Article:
Etymology
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Words related to swine

sow (n.)
Old English sugu, su "female of the swine," from Proto-Germanic *su- (source also of Old Saxon, Old High German su, German Sau, Dutch zeug, Old Norse syr), from PIE root *su- (source also of Sanskrit sukarah "wild boar, swine;" Avestan hu "wild boar;" Greek hys "swine;" Latin sus "swine," swinus "pertaining to swine;" Old Church Slavonic svinija "swine;" Lettish sivens "young pig;" Welsh hucc, Irish suig "swine; Old Irish socc "snout, plowshare"), possibly imitative of pig noise, a notion reinforced by the fact that Sanskrit sukharah means "maker of (the sound) 'su.' " Related to swine. As a term of abuse for a woman, attested from c. 1500. Sow-bug "hog louse" is from 1750.
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pig (n.1)

Middle English pigge "a young pig" (mid-13c., late 12c. as a surname), probably from Old English *picg, found in compounds, but, like dog, its further etymology unknown. The older general word for adults was swine, if female, sow, if male, boar. Apparently related to Low German bigge, Dutch big ("but the phonology is difficult" -- OED).

By early 14c. pig was used of a swine or hog regardless of age or sex. Applied to persons, usually in contempt, since 1540s; the derogatory meaning "police officer" has been in underworld slang at least since 1811.

The pigs frisked my panney, and nailed my screws; the officers searched my house, and seized my picklock keys. ["Dictionary of Buckish Slang, University Wit and Pickpocket Eloquence," London, 1811]

Another Old English word for the animal was fearh, which is related to furh "furrow," from PIE *perk- "dig, furrow" (source also of Latin porcus "pig," see pork). "This reflects a widespread IE tendency to name animals from typical attributes or activities" [Lass].

Synonyms grunter, porker are from sailors' and fishermen's euphemistic avoidance of uttering the word pig at sea, a superstition perhaps based on the fate of the Gadarene swine, who drowned. The image of a pig in a poke is attested from late 14c. (see poke (n.1)). Flying pigs as a type of something unreal is from 1610s.

keelson (n.)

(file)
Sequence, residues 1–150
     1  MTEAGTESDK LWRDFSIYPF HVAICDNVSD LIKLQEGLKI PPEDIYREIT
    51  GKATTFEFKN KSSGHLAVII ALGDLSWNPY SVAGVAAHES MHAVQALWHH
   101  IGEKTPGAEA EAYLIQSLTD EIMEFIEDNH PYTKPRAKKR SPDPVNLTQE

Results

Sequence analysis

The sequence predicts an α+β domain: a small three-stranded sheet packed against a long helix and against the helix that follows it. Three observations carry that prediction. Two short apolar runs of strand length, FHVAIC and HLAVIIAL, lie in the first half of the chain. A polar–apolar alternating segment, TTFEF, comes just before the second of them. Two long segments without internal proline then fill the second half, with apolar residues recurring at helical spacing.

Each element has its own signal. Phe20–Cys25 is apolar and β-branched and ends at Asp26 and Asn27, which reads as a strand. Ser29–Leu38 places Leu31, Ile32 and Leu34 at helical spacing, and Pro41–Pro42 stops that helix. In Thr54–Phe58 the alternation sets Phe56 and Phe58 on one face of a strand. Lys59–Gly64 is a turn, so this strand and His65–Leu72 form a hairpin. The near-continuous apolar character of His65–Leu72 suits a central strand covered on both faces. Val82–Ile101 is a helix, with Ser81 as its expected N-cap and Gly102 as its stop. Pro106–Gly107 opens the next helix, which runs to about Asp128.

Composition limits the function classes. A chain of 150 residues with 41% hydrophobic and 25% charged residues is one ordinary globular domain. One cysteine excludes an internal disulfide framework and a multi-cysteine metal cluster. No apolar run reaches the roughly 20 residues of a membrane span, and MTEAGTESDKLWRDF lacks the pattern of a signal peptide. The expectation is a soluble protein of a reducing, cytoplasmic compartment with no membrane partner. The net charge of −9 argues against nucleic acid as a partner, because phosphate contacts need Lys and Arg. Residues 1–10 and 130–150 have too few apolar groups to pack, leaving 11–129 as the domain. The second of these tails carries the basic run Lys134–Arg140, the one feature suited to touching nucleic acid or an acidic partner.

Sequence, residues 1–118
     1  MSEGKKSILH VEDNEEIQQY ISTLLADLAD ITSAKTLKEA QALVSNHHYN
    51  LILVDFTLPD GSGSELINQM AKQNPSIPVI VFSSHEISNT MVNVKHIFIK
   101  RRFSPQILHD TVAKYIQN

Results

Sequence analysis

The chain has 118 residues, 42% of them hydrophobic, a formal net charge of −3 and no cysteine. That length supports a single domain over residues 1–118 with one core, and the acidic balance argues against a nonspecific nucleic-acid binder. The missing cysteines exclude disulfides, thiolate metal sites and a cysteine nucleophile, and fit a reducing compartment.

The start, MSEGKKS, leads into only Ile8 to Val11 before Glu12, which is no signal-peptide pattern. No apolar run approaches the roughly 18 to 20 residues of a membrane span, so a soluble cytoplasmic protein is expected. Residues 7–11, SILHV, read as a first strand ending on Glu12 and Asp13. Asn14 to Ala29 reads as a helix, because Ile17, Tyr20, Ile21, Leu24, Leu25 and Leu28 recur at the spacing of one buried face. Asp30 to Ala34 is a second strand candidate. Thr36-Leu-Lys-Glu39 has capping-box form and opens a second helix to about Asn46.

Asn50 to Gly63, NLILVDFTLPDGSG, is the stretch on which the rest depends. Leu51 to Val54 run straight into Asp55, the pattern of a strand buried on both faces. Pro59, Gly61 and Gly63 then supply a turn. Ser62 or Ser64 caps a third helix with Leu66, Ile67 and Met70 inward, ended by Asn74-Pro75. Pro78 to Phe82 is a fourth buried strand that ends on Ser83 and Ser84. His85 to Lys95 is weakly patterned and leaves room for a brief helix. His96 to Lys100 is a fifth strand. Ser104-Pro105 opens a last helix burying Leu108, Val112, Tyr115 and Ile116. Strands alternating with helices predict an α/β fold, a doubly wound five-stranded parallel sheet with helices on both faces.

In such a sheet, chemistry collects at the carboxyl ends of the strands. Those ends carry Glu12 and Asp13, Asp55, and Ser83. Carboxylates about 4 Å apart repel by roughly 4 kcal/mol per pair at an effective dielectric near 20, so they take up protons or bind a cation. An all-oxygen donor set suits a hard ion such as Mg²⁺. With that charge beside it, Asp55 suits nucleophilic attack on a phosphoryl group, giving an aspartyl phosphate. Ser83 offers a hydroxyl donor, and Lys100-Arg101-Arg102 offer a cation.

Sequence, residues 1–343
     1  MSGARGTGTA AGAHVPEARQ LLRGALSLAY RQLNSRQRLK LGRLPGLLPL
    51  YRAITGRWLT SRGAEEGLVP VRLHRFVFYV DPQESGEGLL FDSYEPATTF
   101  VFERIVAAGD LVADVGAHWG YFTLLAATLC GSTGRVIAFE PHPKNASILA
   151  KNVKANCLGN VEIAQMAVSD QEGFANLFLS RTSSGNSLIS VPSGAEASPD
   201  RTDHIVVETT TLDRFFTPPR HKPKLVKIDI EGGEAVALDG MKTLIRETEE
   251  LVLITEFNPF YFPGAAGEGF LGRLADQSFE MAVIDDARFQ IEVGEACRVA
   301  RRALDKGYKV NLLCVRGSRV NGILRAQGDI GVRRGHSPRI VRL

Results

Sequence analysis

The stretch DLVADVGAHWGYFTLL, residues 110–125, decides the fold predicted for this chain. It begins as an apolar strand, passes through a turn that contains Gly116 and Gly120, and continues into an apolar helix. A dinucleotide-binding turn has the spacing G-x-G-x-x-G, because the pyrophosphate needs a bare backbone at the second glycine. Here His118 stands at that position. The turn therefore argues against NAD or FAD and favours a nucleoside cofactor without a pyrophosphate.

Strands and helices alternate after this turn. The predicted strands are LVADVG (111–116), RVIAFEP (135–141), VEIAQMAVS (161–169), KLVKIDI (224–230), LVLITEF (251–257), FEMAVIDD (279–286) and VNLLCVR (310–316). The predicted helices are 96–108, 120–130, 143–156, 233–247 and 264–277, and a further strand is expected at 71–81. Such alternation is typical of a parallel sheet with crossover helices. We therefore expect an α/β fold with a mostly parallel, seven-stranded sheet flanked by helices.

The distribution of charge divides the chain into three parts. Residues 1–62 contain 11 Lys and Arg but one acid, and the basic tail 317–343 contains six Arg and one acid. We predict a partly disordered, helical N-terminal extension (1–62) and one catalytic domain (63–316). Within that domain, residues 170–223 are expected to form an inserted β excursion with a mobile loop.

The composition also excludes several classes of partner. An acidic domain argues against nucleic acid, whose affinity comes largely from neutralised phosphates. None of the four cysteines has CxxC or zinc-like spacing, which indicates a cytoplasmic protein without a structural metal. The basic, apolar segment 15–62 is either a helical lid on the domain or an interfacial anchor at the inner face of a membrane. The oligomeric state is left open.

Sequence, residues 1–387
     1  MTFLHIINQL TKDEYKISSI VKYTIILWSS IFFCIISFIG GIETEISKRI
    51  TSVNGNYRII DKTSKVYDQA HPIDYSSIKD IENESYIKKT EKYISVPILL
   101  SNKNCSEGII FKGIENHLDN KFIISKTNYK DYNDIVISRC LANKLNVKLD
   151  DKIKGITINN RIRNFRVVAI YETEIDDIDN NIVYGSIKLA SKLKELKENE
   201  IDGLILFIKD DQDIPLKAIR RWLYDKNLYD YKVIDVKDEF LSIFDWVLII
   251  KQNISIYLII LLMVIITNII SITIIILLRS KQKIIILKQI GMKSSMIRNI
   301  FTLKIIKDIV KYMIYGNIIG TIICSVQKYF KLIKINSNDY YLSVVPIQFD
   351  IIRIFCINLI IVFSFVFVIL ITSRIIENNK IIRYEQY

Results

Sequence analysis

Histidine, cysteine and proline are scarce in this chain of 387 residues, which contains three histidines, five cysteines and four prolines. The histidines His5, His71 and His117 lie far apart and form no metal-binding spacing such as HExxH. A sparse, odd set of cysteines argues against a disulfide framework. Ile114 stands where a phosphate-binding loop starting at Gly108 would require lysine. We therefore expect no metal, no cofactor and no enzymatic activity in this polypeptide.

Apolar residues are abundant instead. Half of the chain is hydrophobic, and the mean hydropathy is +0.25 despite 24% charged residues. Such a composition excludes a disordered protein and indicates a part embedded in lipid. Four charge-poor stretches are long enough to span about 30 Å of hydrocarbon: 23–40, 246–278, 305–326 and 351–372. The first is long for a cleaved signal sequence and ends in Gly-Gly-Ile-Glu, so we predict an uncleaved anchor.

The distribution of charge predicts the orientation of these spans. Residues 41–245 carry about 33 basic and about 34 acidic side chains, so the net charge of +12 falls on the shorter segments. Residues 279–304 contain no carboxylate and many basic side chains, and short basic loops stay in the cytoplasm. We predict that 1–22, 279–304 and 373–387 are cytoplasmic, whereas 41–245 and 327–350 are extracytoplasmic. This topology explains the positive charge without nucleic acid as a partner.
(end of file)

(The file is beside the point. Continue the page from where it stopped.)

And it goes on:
also kelson, "line of jointed timbers in a ship laid on the middle of the floor-timbers over the keel, binding the floor-timbers to the keel," 1620s, altered (by influence of keel (n.)) from Middle English kelsyng (late 13c.), which probably is of Scandinavian origin (compare Swedish kölsvin, Danish and Norwegian kjølsvin), from a compound of words such as Old Norse kjölr (see keel (n.)) + swin "swine," which was used of timber (see swine), or perhaps the second element is a folk-etymology alteration of another word (such as Norwegian svill "sill"). Or else the whole is from a similarly formed Low German source (kielschwin).

pearl (n.)

"nacreous mass formed in the shell of a bivalve mollusk as a result of irritation caused by some foreign body," early 14c., perle (mid-13c. as a surname), from Old French perle (13c.) and directly from Medieval Latin perla (mid-13c.), which is of unknown origin. Perhaps from Vulgar Latin *pernula, diminutive of Latin perna, which in Sicily meant "pearl," earlier "sea-mussel," literally "ham, haunch, gammon," so called for the shape of the mollusk shells.

Other theories connect it with the root of pear, also somehow based on shape, or Latin pilula "globule," with dissimilation. The usual Latin word for "pearl" was margarita (see margarite).

Used from 14c. of anything valuable or of the finest kind; from mid-15c. of something small, round, and glistening white. For pearls before swine, see swine. Pearl Harbor translates Hawaiian Wai Momi, literally "pearl waters," so named for the pearl oysters found there; transferred sense of "effective sudden attack" is attested from 1942 (in reference to Dec. 7, 1941).

swineherd (n.)
c. 1100, swynhyrde; see swine + herd.
swinish (adj.)
c. 1200, originally of persons or behavior, "like a swine; gluttonous, sensual, degraded, beastly," from swine + -ish. Related: Swinishly; swinishness. Similar formation in German schweinisch. Old English had swinlic in same sense.